AsianScientist (Jul. 16, 2012) – A nearly three-and-a-half ton Indian communication satellite, GSat-10, will be launched in September 2012 by Arianespace’s Ariane-5 rocket, ISRO chairman K. Radhakrishnan announced on Saturday.
He was speaking to the media on the eve of the 39th scientific assembly of the Committee on Space Research which is being held at the N. R. Narayana Murthy Center of Excellence at the Infosys campus in Mysore.
The satellite, which has a 15-year life span, will soon be dispatched to Kourou.
Radhakrishnan also declared that the much-awaited Indian Mars mission is about to be approved by the government.
“We have come to the last stage of the approval and soon there will be announcement regarding the government’s clearance,” he said.
He told the media that once the green light is received, the mission will be launched from Sriharikota either in November of 2013, 2016, or 2018.
Scientists told Asian Scientist Magazine that nine experiments for this flight had been shortlisted which could be reduced because of the weight factor.
The rocket will be the advanced version of the highly-proven four-stage Polar Satellite Launch Vehicle (PSLV), designated as PSLV-XL, which was used for India’s first mission to the moon, Chandrayaan-1.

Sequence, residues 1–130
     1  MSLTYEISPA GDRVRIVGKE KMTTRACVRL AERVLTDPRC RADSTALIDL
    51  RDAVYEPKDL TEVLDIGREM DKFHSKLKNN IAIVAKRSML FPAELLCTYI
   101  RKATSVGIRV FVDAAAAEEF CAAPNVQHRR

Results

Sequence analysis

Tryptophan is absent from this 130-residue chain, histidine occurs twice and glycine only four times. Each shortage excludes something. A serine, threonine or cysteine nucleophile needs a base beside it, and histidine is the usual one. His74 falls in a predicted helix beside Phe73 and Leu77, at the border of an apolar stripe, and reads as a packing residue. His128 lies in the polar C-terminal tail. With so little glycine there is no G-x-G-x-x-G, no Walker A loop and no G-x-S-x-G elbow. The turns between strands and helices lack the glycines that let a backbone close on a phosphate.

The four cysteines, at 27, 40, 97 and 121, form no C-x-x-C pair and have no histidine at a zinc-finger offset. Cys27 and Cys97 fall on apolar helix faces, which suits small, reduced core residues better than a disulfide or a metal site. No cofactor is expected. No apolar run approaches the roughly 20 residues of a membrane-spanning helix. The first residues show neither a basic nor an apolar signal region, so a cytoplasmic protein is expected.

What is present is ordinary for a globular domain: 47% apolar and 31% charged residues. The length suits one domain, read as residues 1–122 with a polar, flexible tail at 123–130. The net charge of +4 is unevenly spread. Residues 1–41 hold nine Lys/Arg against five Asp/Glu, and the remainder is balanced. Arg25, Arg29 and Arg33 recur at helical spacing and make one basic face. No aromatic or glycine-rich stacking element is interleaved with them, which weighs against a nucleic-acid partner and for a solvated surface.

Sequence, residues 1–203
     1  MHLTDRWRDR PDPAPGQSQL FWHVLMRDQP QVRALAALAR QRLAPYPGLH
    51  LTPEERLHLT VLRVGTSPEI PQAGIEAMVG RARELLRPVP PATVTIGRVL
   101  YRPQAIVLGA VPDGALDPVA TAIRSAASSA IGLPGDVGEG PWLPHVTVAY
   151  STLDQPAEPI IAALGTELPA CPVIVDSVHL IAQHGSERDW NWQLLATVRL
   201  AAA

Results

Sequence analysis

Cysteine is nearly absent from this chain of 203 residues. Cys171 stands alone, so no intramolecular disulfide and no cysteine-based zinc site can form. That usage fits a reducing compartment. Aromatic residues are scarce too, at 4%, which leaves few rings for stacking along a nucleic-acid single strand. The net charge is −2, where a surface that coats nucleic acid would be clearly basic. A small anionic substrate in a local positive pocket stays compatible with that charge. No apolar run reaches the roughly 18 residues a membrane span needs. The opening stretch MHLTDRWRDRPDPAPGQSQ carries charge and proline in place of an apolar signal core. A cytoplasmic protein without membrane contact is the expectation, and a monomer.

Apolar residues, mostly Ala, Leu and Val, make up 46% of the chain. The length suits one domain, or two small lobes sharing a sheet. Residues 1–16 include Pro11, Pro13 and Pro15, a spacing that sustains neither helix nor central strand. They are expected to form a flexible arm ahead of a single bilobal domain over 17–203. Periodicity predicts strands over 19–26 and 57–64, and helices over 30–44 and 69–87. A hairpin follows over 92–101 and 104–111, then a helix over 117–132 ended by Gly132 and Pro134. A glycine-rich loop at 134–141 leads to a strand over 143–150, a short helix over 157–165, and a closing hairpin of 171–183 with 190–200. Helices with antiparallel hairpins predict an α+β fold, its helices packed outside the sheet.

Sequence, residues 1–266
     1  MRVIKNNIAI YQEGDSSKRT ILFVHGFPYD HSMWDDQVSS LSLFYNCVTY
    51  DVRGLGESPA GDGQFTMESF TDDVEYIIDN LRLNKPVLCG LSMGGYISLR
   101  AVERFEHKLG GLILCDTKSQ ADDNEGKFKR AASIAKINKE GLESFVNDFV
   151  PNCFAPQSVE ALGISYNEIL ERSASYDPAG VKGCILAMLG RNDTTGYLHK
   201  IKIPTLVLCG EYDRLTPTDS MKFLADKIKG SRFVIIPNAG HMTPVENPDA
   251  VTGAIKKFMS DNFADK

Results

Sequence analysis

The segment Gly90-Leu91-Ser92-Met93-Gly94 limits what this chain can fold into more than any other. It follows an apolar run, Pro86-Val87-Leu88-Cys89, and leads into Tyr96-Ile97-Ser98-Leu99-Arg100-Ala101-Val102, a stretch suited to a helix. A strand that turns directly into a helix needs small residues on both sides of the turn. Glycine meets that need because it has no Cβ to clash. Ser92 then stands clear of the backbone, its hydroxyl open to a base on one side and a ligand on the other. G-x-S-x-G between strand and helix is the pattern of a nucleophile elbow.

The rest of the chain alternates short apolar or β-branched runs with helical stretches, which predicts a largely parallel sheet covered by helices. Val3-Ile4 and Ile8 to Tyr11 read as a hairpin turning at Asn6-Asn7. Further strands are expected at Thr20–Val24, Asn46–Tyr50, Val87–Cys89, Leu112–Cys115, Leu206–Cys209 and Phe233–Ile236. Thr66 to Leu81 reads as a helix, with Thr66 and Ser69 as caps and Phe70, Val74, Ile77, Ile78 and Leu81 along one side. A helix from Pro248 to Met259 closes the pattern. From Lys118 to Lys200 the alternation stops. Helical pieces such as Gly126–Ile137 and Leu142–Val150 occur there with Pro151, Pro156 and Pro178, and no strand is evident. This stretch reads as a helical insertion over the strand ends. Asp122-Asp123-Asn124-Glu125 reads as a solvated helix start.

Astrosat, India’s first dedicated astronomy satellite, will be launched in 2013, the ISRO chief announced. Calling it a national laboratory, he said that all the instruments are going through their final evaluation. According to him scientists both from India and abroad could use the facility.
Regarding the status of the Geo Synchronous Satellite Launch Vehicle (GSLV) Mark 2, he said that the flight stage of the cryogenic engine should be ready in November 2012. Since India’s second mission to the moon, Chandrayaan-2, will be launched by GSLV-Mk2, he said that there will have to be two successful flights of the GSLV powered by the Indian cryogenic engine before the launch of the second Indian lunar mission. Tentatively it is slated for lift off in 2014.
It may be recalled that there were successive failures of the GSLV in 2010 — one in April 2010 because of the Indian cryogenic engine and the second one in December 2010 on account of a technical problem.
Cospar president Giovanni Bignami said that thousands of new planets have been found around stars. “Very soon we will find a new earth which could be habitable,” he told the media.
According to him astronomers are familiar with only four percent of the universe and 96 percent of it has yet to be studied.
“The fact that the conference is being held in India is an acknowledgement of India’s achievement in the space sector. We in Europe have to learn a lot from India. We have to learn from your capacity and vision,” Bignami added.
U. R. Rao, chairman of the Physical Research Laboratory (PRL) council and former chairman of ISRO, once again described the recent Chinese space mission, the docking of Shenzhou-9 with the orbiting laboratory, Tiangong-1, as excellent.
Rao said that nearly 2,500 scientists from 74 countries are participating in the conference.
Copyright: Asian Scientist Magazine; Photo: NASA.
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